EXCLUSIVE: Have two Brisbane techs already revealed the triple j Hottest 100?
triple j goes into lockdown this week, as voting for the 2012 edition of the station’s enormously popular music poll closes and listeners begin the long wait to find out which song takes out top spot on the now traditional Australia Day countdown. But the station’s engagement with social media during this year’s voting process may have inadvertently torpedoed the anticipation.The brainchild of Brisbane resident and online marketer Nick Drewe, The Warmest 100 has used statistics gleaned from votes posted to Facebook, Twitter and other social media hubs to build what Drewe thinks is an accurate prediction of the final countdown.
“I was on Facebook on Sunday night two weeks ago,” Drewe explained to TheVine on Friday. “A few of my friends had posted their votes on the Hottest 100. I was just browsing through, having a look at them, and I noticed the URL structure of each of those pages had the same pattern.”
Drewe established that each vote carried with it a unique identifier, and began peppering Twitter with a clutch of different search queries. Within an hour of logging onto Facebook he had accumulated 6,000 votes and applied them to a spreadsheet. “From there, it’s a pretty simple process to calculate a prediction or estimate of what the Hottest 100 is going to be,” he said.
By the end of last week, and two days before voting closed, Drewe had collected 20,000 more submissions, which when compared to the 1.3 million votes tallied in last year’s poll gave the Warmest 100 an impressive sample size of 2%. Joining forces with ex-We Are Hunted staffer Tom Knox, together the two called in a bunch of favours to create Warmest100.com.au.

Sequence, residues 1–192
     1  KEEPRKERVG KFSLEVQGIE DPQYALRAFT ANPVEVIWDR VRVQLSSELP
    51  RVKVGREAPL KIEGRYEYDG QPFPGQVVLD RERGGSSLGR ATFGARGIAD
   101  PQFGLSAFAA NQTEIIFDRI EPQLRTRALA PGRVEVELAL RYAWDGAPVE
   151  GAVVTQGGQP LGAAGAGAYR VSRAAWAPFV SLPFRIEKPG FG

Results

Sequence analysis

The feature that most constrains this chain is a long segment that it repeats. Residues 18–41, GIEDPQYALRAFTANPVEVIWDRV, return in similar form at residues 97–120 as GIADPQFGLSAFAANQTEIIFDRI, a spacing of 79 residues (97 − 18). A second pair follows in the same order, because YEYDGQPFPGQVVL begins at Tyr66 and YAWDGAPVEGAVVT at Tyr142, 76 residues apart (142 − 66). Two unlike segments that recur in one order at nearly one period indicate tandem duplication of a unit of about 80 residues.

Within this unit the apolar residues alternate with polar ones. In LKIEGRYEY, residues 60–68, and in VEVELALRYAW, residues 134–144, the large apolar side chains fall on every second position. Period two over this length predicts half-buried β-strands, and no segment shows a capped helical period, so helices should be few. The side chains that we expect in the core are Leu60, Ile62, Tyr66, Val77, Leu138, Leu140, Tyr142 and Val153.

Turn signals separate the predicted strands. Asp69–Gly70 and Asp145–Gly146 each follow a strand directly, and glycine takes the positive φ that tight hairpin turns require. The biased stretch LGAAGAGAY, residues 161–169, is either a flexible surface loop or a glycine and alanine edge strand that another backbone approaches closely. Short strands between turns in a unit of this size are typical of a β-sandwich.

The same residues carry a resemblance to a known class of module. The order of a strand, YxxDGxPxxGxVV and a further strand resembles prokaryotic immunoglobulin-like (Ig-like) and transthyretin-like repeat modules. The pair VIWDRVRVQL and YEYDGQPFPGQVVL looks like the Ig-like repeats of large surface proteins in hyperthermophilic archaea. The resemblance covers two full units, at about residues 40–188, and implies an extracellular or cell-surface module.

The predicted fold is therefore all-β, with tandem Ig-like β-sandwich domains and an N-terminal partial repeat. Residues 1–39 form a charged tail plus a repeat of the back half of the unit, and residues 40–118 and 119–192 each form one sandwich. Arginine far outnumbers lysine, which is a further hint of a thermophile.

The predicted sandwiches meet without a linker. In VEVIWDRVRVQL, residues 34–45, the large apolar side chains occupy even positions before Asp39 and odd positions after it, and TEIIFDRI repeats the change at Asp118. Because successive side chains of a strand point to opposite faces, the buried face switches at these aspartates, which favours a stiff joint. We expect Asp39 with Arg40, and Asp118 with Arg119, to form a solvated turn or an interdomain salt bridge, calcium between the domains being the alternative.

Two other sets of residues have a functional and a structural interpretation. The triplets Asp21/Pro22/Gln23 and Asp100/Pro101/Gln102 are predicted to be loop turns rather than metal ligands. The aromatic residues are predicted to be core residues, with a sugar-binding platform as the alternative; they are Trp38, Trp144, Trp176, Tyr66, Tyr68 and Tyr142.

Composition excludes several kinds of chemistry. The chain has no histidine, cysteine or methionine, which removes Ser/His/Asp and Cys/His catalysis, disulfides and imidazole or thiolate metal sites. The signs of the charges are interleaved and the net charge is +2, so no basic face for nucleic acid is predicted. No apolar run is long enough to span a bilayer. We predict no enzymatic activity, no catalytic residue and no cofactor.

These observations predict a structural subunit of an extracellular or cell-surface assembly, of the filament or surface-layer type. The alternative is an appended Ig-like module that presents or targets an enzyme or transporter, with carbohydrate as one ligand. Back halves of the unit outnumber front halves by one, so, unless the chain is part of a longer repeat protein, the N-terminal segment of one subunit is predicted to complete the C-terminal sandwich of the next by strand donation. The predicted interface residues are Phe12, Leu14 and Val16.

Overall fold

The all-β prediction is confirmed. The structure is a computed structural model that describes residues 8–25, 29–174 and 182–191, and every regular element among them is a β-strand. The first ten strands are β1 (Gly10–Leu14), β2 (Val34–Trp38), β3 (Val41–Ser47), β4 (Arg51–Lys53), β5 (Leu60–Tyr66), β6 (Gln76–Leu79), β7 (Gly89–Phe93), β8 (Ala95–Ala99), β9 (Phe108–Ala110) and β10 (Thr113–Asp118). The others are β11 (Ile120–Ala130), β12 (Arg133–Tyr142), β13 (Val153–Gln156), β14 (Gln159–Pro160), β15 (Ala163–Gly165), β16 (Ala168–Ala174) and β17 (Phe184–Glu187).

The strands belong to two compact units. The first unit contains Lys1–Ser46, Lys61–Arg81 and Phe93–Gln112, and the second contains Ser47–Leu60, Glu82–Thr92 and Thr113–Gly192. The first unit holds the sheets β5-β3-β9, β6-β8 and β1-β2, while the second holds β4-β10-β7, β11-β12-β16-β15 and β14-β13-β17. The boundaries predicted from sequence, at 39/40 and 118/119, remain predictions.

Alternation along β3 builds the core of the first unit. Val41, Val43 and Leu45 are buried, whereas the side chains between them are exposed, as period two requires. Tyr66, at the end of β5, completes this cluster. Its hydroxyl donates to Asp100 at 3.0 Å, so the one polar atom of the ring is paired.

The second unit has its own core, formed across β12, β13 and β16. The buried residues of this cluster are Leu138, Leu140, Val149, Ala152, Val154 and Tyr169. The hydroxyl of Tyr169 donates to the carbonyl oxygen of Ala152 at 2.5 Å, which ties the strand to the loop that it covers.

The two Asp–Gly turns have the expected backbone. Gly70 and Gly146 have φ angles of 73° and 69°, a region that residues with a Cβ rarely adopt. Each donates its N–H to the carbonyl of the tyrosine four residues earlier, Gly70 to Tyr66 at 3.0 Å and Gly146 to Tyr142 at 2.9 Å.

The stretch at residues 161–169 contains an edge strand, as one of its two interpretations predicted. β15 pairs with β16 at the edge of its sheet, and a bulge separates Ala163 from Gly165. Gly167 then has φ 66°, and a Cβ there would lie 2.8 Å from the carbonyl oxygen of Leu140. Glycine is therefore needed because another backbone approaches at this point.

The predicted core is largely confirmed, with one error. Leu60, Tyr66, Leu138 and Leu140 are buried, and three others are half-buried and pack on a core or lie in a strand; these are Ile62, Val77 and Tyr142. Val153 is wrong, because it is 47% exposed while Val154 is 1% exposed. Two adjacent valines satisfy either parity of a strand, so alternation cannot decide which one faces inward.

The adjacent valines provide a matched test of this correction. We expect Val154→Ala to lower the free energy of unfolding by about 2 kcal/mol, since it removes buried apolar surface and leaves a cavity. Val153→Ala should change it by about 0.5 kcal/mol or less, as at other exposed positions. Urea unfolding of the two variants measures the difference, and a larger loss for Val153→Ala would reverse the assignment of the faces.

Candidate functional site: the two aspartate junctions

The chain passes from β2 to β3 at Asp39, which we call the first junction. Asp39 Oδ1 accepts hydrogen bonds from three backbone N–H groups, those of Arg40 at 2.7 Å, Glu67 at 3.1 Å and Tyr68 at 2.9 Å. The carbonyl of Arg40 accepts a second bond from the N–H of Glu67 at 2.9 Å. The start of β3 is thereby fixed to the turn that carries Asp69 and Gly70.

“I spoke to Tom, and he suggested I put up a microsite where we could make all the songs playable,” Drewe told TheVine. “Just something that people could come to and see a prediction of the Hottest 100 and learn a bit about how we pulled it together. Make it a fun project.”
Drewe was careful to describe The Warmest 100 as a prediction, rather than a leak -- he says it’s not his intention to ruin triple j listeners’ Australia Day Celebrations. The site is carefully laid out with a number of safeguards protecting those who might be curious about the team’s methods, but want to remain in the dark about the final countdown.
“If they choose to they can scroll down and start seeing the list from 100. They can listen to a few songs if they want and keep scrolling down towards number one. And as they keep getting to the top of the list we’ll continue with the warnings that they might ruin their Australia Day,” Drewe said. “We think it’ll be quite indicative of the final list.”
To investigate Drewe’s methods, TheVine contacted University of Queensland Chair of Applied Statistics, Professor You-Gan Wang. “Assuming everything’s independent of each other,” Professor Wang said, “and if the 26,000 is a random sample among the total potential of 1.3 million … I think with the top 100, you might get 90 right. You might get 92 or you might get 95. It’s unlikely you’ll get all 100 correct.”